Having been told of the importance of "likability" in the workplace, and how it increases as you climb the ladder, Ms Ehrenreich is disturbed. "It's distracting to think that our major economic enterprises, on which the livelihoods and well-being of millions depend, rest so heavily on the thin goo of "likability." A few days later, she attends a symposium in Boston for publicists wanting to learn more about handling corporate disasters. The leader goes off on a tangent (which is what usually happens at these affairs, it seems) about the culture of the executive suite.
It's the internal culture of the corporation, as seen by Jim, that fascinates me. The picture he paints resembles one of the royal courts of Europe, circa 1600, as described by Castiglione or, closer to our own time, the historian Norbert Elias. We, the PR people, are the courtiers who both despise the king and eagerly press around him, anxious for a moment of royal attention. We must learn to speak in low, quiet tones, always framing our advice "strategically" and never wasting words on anything he already knows. Only if we can insinuate ourselves into his confidence can we hope to save the country - I mean, the company - and of course all the credit will go to him.*
The simple truth is that no one has devised a corporate structure that replaces courtly intrigue with genuine meritocracy. A strong CEO, like a strong king, can impose temporary reforms, but they lapse with his departure, just as they did for a millennium in Europe. Considering the rate of change with which we live, our corporate legislation (see "Delaware") is incontestably medieval, and it is not working very well (see "Enron").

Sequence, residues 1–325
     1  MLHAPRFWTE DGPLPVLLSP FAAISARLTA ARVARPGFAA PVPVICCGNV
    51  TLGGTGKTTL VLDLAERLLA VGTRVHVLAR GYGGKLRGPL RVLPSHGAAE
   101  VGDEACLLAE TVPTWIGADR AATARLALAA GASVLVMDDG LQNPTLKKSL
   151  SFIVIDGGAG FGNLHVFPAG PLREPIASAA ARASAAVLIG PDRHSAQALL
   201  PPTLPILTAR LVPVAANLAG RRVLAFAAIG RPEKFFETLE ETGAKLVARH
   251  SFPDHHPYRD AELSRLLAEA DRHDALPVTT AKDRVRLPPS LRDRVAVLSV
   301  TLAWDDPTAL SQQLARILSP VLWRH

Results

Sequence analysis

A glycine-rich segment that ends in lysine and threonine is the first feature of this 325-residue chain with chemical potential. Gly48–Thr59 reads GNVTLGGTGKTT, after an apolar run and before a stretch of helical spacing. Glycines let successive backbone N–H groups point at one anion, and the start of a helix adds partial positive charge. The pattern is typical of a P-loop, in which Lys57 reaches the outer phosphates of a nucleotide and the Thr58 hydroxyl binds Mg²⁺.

But we seem to be so frightened of disorder that we can't bring ourselves to think about business reform. Ms Ehrenreich's last chapter dwells on this conundrum. Legions of laid-off Americans are not - yet - giving much thought to improving the system for their own benefit. They want to get back on a ride that has already rejected them. And the industry under investigation in Bait and Switch encourages them to keep trying.
It is not only through the instructions given to job seekers that the transition industry narrows the range of the thinkable and forecloses the possibility of collective action. In books, coaching sessions, and networking events aimed at the white-collar unemployed, the seeker soon encounters ideologies that are explicitly hostile to any larger, social understanding of his or her situation.
This is the land of the personally responsible, the home of the uncooperative. This is the country where abstract institutions, developed in part by human action and in part by human inertia, take on the mass and permanence of Rocky Mountains, inviting the hardy to test their mettle and discouraging the ordinary from coming near. We deal with problems that have been broken down into pieces, so that reform is undertaken much as the transcontinental railroads were built, reshaping the absolute minimum of terrain.
When I finished Bait and Switch, I didn't immediately set out to write about it. My principal impression was one of immense confirmation. On page after page, Barbara Ehrenreich gave voice to thoughts that I've either expressed many times or perhaps only hinted at. But I was daunted, too, by the strong suggestion that it for some awful reason I had to find a job, I'd really be up a tree. (March 2006)
* If I were more full of myself, I would ransack Portico for words to this effect, including the reference to Norbert Elias. I wonder what I'd find.
Copyright (c) 2006 Pourover Press